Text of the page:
A backpack. Spare clothes. A notebook. Some keepsake photos. Crackers.
Though they may not have a home in which to secure their stuff, homeless people still have possessions like everyone else.
Yet the city of Ft. Lauderdale, Florida is on the cusp of passing a new regulation that would make it illegal for anyone to store their personal things on public property. Specifically, it would empower police to confiscate any personal possessions stored on public property, provided they have given the homeless person 24-hours notice. If the homeless people wish to retrieve their items, they must pay the city “reasonable charges for storage and removal of the items,” though that fee is waived if the person is able to demonstrate he or she cannot afford to pay. The city may dispose of any possessions not retrieved within 30 days. One of the driving factors behind the measure, according to the legislation, is the city’s “interest in aesthetics.”
Last week, the City Commission gave unanimous preliminary approval to the measure, despite overwhelming opposition from local residents who testified.
One woman, Gazol Tajalli, told Commissioners that is “insanity that we are even here discussing whether an individual can put on the ground the few objects that they own.” Another citizen, Rev. Gail Tapscott of the Unitarian Universalist Church of Ft. Lauderdale, criticized some of the Commissioners for “demoniz[ing]” the homeless.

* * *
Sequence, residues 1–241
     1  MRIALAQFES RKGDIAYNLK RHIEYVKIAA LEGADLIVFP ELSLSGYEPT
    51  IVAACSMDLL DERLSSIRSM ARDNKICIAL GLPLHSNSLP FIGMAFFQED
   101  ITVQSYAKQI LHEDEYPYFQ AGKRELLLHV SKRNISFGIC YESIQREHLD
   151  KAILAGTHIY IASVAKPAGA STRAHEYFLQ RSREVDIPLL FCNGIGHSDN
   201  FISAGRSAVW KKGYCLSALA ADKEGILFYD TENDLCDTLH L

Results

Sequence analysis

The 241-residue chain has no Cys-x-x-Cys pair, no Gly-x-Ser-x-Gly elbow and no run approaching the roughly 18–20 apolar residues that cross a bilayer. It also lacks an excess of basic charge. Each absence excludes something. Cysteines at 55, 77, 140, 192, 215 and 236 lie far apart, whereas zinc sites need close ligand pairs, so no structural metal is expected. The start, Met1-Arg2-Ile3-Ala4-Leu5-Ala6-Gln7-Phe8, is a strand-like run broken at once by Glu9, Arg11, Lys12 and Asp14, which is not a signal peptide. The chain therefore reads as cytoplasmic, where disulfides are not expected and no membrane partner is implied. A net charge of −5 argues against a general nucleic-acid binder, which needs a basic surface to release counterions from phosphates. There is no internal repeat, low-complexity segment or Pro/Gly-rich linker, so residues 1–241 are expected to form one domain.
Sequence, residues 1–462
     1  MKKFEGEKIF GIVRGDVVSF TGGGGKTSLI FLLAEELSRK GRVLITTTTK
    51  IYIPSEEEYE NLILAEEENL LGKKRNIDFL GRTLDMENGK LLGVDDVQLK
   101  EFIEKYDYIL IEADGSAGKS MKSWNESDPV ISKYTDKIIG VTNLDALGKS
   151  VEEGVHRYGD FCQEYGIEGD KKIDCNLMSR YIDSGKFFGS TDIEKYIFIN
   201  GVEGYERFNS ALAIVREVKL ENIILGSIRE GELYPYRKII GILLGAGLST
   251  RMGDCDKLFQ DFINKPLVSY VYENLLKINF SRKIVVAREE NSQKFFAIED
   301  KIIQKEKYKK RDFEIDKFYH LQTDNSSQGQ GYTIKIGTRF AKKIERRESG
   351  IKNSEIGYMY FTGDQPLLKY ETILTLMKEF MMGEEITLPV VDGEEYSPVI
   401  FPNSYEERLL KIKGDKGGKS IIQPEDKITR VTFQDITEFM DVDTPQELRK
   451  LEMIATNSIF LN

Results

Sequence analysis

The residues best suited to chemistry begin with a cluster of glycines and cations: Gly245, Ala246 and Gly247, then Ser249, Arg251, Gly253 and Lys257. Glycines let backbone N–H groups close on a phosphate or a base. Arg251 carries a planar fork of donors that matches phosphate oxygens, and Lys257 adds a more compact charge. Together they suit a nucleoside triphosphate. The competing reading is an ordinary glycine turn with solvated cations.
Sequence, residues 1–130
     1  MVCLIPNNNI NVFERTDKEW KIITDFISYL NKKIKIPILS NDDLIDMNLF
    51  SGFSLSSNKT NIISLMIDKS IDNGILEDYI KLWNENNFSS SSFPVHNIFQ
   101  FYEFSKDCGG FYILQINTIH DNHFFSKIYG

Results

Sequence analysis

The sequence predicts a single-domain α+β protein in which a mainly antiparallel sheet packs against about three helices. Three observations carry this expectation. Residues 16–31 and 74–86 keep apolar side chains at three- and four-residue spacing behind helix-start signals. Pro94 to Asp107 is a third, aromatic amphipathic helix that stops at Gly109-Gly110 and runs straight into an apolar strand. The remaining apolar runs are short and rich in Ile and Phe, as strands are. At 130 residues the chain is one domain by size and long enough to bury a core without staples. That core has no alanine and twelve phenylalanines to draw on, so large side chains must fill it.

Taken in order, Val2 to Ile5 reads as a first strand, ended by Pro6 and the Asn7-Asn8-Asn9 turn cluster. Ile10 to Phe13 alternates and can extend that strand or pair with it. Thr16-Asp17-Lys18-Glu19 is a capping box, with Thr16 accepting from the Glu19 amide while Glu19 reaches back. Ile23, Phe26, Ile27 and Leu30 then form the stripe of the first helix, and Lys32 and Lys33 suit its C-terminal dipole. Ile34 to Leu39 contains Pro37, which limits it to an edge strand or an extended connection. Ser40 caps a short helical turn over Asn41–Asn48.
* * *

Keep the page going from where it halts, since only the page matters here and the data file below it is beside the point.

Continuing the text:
Maria Foscarinis, Executive Director of the National Law Center on Homelessness & Poverty, chastised Ft. Lauderdale’s approach. “Maintaining city streets is a legitimate concern, but simply punishing homeless people for leaving their possessions in public places is not an effective or humane way to address it,” she told ThinkProgress. “Instead, city and business leaders should work with advocates and homeless people to develop alternative short and long term solutions, such as public storage options for homeless people and affordable housing.”
According to the Sun Sentinel, “The commission’s actions were backed by business leaders who said they were looking for some controls on a situation that scares away customers and makes visitors uncomfortable.” The commission is also considering other initiatives targeting the homeless, including stiffer penalties for urinating or defecating in public, prohibitions on panhandling at intersections or sleeping in public, and restrictions on charity groups that hand out food to the homeless.
Ft. Lauderdale is not the only city to embrace new ordinances that criminalize people for being homeless. Scores of cities, including Columbia, Palo Alto, Miami, Raleigh, Tampa, Harrisburg, and others have enacted measures that render homeless people simply trying to survive as criminals. Other cities, like Davis, California, are taking a different approach: constructing public lockers where homeless people can safely store their possessions.